Raise your hand if you’re exhausted. *raises hand*
Raise your hand if you’re burnt out. *raises hand*
Raise your hand if you love your kids more than life itself, but you just need a hot minute AWAY from them. *raises both hands frantically*
I’ve only been a mom for three and a half years, but man, does it feel like longer sometimes. (Maybe because I spent two years prior to that trying to become a mom, or maybe just because motherhood ages you rapidly.)
I love my three-and-a-half year old and 15-month-old fiercely, and I love that I get to spend so much time with them, since I work part-time. But, in three-and-a-half years, I’ve taken approximately zero vacations for myself. Meaning, I’ve had approximately zero days to not be in charge of someone else’s food, hygiene, and sleep.
That’s over 1,200 days straight. Twelve hundred days of cleaning butts, making meals, wiping noses, and arguing about socks with toddlers.
So when my husband invited me to join his two-day work retreat at Horseshoe Bay Resort in the Texas Hill Country, I was on the phone arranging childcare faster than you can say “sleep-deprived.”
And let me tell you: It was so worth it. If you’re like me, and have been chained to your sweet, wonderful, adorable, exhausting children for far too long, do yourself a favor, and take a momcation, STAT.
How to Make the Most out of Your MomCation
1. Make no plans.
This is very important. Don’t go somewhere that you’ll want to sightsee, or explore, or participate in activities. You need to be able to sleep in as late as you want, lay in bed for hours on end, have a drink at 1:00 in the afternoon, and do whatever you dang well please. If you decide you do want to do an activity or venture out, that’s great. But don’t go somewhere that you’ll feel like you have to get out and see and do.
On my momcation, I laid around in bed until 10am, moseyed on down to the pool around 11:00, headed back to the room around 2:30 to cool off and take a nap, then landed back to the pool around 4:30 before meeting up with my husband for dinner.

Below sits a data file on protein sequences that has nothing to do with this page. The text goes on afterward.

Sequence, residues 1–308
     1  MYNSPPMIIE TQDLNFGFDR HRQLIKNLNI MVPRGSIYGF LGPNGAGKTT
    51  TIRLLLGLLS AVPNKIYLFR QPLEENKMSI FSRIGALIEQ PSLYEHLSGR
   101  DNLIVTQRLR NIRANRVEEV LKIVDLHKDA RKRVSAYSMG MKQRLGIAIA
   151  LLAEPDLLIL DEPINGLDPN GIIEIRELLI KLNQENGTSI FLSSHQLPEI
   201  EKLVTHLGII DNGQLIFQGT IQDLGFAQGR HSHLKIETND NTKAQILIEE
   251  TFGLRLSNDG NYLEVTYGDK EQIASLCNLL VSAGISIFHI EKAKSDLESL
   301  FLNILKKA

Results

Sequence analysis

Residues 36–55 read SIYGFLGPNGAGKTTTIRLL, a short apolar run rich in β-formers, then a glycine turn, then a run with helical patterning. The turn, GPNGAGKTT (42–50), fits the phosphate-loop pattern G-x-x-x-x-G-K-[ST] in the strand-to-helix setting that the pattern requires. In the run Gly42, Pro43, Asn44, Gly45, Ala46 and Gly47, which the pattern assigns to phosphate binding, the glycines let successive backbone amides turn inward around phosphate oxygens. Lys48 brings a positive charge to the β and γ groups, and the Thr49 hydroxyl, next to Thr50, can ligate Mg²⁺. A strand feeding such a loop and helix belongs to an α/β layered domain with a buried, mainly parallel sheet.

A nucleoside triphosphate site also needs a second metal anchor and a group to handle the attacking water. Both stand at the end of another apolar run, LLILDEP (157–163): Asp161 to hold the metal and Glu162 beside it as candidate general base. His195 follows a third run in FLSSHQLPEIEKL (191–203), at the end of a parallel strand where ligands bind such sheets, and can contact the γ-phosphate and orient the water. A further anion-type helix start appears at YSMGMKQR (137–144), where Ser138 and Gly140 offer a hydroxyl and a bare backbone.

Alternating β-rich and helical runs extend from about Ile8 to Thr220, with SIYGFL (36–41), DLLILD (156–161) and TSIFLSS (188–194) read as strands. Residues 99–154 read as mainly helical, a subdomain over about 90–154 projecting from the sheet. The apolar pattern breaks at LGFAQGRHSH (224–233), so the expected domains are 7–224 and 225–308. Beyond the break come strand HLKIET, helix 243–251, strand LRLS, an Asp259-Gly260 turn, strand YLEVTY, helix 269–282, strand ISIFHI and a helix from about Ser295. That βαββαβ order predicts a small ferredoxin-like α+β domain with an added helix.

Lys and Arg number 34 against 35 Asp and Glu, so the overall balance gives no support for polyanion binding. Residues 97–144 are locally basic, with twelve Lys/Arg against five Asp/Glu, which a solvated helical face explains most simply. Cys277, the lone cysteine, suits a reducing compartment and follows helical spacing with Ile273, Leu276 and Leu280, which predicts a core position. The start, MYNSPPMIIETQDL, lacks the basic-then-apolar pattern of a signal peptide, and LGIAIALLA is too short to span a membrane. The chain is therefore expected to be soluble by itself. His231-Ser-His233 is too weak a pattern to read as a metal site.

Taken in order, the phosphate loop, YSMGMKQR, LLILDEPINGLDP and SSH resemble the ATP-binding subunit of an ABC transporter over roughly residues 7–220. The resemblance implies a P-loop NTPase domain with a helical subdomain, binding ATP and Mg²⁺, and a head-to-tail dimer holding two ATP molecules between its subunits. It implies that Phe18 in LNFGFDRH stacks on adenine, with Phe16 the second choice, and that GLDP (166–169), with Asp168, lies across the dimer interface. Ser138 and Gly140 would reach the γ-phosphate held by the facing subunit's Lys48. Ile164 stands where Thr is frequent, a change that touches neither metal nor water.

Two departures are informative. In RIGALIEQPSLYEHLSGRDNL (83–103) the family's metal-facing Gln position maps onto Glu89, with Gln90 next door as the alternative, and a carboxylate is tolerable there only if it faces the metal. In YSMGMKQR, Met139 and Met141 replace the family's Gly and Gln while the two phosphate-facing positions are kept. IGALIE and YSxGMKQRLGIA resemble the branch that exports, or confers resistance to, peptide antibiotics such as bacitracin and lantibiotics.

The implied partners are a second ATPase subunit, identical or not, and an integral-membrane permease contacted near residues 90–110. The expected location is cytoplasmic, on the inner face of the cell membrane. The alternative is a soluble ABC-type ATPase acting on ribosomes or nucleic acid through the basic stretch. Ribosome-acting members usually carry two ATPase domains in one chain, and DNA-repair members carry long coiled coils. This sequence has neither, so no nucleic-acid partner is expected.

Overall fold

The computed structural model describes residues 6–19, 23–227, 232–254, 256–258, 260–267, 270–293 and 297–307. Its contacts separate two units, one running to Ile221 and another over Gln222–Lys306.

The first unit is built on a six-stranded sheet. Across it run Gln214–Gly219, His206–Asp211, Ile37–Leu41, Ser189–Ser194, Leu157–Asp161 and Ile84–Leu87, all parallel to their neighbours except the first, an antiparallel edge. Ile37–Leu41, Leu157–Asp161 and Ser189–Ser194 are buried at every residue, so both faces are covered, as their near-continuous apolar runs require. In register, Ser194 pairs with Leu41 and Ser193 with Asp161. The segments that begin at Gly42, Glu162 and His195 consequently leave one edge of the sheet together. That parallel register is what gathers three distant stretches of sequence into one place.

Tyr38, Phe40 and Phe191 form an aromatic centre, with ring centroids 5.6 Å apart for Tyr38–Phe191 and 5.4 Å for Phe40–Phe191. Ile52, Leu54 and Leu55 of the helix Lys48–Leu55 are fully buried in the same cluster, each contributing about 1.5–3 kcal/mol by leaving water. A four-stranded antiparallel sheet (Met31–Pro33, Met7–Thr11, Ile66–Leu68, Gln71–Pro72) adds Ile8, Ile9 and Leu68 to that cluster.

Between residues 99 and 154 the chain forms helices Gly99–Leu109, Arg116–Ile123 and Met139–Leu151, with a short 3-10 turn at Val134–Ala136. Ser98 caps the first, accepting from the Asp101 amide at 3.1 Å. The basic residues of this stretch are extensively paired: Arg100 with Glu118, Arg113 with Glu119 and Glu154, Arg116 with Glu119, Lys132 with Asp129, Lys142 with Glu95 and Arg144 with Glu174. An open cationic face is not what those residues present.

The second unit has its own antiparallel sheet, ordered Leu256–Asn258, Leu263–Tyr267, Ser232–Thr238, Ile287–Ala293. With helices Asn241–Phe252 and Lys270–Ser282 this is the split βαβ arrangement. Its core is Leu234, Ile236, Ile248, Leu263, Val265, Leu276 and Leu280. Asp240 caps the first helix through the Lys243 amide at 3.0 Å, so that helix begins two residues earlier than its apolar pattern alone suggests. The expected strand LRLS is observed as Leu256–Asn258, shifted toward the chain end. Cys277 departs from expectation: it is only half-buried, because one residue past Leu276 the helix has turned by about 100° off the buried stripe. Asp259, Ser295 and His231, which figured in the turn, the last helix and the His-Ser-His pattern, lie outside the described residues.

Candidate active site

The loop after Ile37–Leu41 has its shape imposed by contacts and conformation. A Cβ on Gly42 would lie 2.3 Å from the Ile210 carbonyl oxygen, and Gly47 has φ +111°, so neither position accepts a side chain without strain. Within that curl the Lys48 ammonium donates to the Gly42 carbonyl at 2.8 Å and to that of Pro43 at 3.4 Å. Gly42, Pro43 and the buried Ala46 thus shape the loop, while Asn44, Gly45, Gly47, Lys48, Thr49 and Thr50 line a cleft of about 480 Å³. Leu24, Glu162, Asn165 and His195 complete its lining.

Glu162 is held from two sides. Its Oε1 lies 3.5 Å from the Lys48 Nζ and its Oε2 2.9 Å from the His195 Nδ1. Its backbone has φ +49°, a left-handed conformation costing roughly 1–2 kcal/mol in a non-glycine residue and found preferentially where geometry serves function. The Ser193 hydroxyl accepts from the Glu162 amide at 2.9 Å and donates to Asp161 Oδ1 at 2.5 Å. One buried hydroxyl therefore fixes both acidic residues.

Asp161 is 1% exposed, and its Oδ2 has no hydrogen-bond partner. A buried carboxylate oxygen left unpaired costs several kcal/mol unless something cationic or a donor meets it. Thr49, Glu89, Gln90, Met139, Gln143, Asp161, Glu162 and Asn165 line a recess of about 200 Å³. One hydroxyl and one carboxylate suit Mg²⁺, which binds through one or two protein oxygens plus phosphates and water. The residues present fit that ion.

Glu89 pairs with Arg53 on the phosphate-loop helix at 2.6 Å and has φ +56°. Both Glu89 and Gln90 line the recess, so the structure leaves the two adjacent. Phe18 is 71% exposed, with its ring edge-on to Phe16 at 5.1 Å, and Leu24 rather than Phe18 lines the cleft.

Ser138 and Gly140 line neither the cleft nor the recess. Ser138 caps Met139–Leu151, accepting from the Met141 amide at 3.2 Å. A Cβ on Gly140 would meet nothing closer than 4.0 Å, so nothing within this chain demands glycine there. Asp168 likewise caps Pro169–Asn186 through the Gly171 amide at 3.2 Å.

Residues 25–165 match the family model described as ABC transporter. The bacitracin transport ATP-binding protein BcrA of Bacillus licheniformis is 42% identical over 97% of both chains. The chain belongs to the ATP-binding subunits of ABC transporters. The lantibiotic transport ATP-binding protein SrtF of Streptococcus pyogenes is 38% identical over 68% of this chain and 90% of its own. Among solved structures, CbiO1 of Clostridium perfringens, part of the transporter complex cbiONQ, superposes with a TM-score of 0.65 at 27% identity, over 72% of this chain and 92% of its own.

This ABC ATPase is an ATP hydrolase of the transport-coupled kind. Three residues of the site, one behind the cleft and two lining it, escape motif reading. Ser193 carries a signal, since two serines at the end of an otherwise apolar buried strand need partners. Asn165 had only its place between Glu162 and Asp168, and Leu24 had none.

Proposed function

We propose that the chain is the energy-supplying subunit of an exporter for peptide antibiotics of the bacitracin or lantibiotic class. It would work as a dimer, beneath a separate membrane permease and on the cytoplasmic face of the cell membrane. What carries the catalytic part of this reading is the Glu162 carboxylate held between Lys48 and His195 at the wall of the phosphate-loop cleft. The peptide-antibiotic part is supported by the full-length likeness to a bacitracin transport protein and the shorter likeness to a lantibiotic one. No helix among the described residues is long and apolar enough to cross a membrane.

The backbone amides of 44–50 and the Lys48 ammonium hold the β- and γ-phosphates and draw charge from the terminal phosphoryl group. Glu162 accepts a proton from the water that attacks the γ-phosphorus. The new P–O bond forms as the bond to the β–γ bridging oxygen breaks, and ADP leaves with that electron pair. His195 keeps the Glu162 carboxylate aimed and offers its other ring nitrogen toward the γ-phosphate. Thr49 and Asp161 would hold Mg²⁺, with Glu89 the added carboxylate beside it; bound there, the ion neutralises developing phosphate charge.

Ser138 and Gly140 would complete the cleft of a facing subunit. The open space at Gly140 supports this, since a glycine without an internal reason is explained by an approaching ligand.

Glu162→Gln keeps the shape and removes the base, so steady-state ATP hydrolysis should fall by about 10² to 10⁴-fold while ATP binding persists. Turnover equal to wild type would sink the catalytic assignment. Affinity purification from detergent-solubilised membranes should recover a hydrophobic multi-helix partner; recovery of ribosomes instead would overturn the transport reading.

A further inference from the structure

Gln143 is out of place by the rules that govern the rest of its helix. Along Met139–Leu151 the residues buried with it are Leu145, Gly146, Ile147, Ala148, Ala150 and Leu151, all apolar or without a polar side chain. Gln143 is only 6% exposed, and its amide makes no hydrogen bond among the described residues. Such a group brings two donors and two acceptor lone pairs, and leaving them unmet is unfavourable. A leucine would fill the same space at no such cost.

I even ended up getting on my computer and working a bit here and there, and was actually able to be quite productive, but because I CHOSE TO; I didn’t have to work.
2. Embrace isolation.
As moms, we pretty much sign away any dreams of being alone at the moment of conception. We spend nine months with the baby inside us, then another year with the baby constantly attached to us: nursing, burping, bouncing, sleeping. After that, they’re clinging to you, climbing on you, following you around the house, and just wanting to be near you All. The. Time.
So isolation is essential in a successful momcation. Sure, your spouse can come (I’m sure he/she could use a break, too), but don’t be afraid to do your own thing.
Our situation was perfect. My husband had to get up early and go out to his work activities and training all day, and then in the evenings, when they were done, we got to spend time together.
My first day there, I truly went into isolation mode, almost subconsciously. I’m an introvert, so it comes naturally for me. Aside from my mom (who was watching our kids), I didn’t answer phone calls or text messages or video messages. I mostly just zoned out in front of the TV, and mindlessly scrolled through Instagram before going to bed early.
By day two, I was ready to communicate with the outside world again, so I answered messages and returned phone calls, even FaceTimed with the kids a couple times, but was still physically by myself for the majority of the day, which was exactly what I needed to feel refreshed.
3. Throw away the guilt.
This applies to essentially every aspect of motherhood, and the momcation is no exception. There will be 1,000 opportunities for you to feel guilty throughout your little getaway. Whether it’s not getting to say goodbye to your baby because she’s still asleep when you leave, or your toddler stubbing his toe within an hour of you being gone and only mama’s kiss can make it better, or grandma having to be up all night when both your kids refuse to sleep…TRY to push that guilt aside–there’s plenty of time for it throughout the rest of your entire life as a mom. Taking time for yourself does not make you a bad mother, or selfish, or any of those other negative words flying through your brain.
In fact, it’s the opposite. It’s necessary, it’s rejuvenating, and it makes you a better mom.